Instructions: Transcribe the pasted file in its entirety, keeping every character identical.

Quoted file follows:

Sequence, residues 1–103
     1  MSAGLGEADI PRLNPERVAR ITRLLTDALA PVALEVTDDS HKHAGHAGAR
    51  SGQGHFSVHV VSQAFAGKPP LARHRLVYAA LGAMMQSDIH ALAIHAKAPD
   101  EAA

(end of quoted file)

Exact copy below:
Sequence, residues 1–103
     1  MSAGLGEADI PRLNPERVAR ITRLLTDALA PVALEVTDDS HKHAGHAGAR
    51  SGQGHFSVHV VSQAFAGKPP LARHRLVYAA LGAMMQSDIH ALAIHAKAPD
   101  EAA